The Essential Joseph Schumpeter: An Easy and Accessible Introduction to an Important and Complex Thinker

By Art Carden

The Fraser Institute in Vancouver, British Columbia, has put together a series of very useful introductions to the key ideas of some great thinkers in their Essential Thinkers series. They started with The Essential Hayek (by Donald J. Boudreaux) and then moved on to The Essential Adam Smith (James Otteson), The Essential John Locke (Eric Mack), and The Essential Milton Friedman (Steven Landsburg). Their most recent contribution to the series comes from Russell A. Sobel and Jason Clemens. They introduce us to The Essential Joseph Schumpeter in yet another volume that can be downloaded for $0 and, at just a few dozen pages, read very quickly.

Schumpeter (1883-1950) was a brilliant economist and, apparently, quite a character. He is said to have boasted that his goal in life was to become the world’s greatest economist, the world’s greatest lover, and the world’s greatest horseman. When someone asked him how things were going, he said that things weren’t going so well with the horses. Between that kind of sly wit, his brilliant mind, and his disciplined work ethic, you can see how Schumpeter became one of the twentieth century’s most interesting economists. Fortunately, his ideas (and not just his quick wit) warranted it.

Schumpeter was very prolific, but four key works stand out: The Theory of Economic Development (German edition 1911, English edition 1934), Business Cycles (1939), Capitalism, Socialism, and Democracy (1942), and the posthumously published, incomplete but still very important History of Economic Analysis (1954). Schumpeter was the complete scholar, asking and answering very big questions while appreciating and understanding their intellectual history and context.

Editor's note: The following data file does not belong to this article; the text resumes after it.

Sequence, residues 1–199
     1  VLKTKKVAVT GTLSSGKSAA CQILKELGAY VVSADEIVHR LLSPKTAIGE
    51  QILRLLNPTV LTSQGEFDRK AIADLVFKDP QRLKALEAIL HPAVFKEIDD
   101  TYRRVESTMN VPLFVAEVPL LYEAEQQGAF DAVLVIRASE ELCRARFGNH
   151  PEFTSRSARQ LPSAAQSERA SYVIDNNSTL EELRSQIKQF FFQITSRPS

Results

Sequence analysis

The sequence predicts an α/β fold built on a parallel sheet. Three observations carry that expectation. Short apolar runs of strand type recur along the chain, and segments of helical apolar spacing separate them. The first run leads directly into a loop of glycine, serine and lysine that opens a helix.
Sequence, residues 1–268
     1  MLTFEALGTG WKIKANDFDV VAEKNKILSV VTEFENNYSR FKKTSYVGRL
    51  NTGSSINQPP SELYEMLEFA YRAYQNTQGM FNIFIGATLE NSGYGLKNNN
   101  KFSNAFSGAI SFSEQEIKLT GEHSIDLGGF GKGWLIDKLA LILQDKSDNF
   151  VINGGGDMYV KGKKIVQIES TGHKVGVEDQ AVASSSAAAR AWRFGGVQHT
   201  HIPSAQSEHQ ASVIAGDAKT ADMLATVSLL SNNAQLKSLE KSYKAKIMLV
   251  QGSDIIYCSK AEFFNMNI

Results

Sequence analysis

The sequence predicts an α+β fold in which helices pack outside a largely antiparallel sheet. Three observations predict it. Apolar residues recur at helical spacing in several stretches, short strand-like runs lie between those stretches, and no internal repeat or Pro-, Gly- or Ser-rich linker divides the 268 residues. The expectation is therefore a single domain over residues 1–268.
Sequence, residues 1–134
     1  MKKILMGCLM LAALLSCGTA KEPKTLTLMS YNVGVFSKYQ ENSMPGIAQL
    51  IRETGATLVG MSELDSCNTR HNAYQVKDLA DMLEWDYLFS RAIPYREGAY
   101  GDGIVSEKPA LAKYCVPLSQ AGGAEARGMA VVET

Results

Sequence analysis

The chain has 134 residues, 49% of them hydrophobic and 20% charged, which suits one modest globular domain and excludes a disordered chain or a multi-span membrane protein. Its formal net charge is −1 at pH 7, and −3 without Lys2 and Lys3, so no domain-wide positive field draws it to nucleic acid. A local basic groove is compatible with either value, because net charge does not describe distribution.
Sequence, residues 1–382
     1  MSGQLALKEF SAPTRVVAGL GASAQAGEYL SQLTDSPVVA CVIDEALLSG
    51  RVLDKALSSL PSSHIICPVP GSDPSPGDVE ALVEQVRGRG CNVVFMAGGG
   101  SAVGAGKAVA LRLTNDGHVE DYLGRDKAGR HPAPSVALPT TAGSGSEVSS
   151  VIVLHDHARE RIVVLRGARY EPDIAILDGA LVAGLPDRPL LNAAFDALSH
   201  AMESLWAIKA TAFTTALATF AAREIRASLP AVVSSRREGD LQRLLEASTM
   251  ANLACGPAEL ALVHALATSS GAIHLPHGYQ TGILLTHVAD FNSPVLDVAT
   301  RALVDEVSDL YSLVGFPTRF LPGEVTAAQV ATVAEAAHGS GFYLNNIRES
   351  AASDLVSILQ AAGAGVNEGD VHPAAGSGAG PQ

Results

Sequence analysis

This has some important implications for cottage industries about what this or that thinker really meant or the nature of social processes very generally. Understanding all this stuff at a very deep level requires more than just knowledge of what has been published in the American Economic Review in the last year. Schumpeter argued that to really understand Karl Marx one must read all three volumes of Capital, the entirety of Theories of Surplus Value, and have a strong working knowledge of British political economy, French socialism, and the German philosophical tradition. That’s a tall order, but the Bible exhorts us to “get understanding.” I think it’s worth it (I admit my view is idiosyncratic).

One of Schumpeter’s most important contributions is a rethinking of how we understand competition. As Sobel and Clemens point out, Schumpeter’s main criterion for whether or not a market was competitive concerned its contestability. The relevant question was not “how many firms are in this industry” but “what are the barriers to entry that are preventing firms from coming up with substitutes?” The workhorse models of perfect competition that economists use to understand so many things are of great value as models; however, if Schumpeter is right, then they are limited in their ability to tell us how the world should be.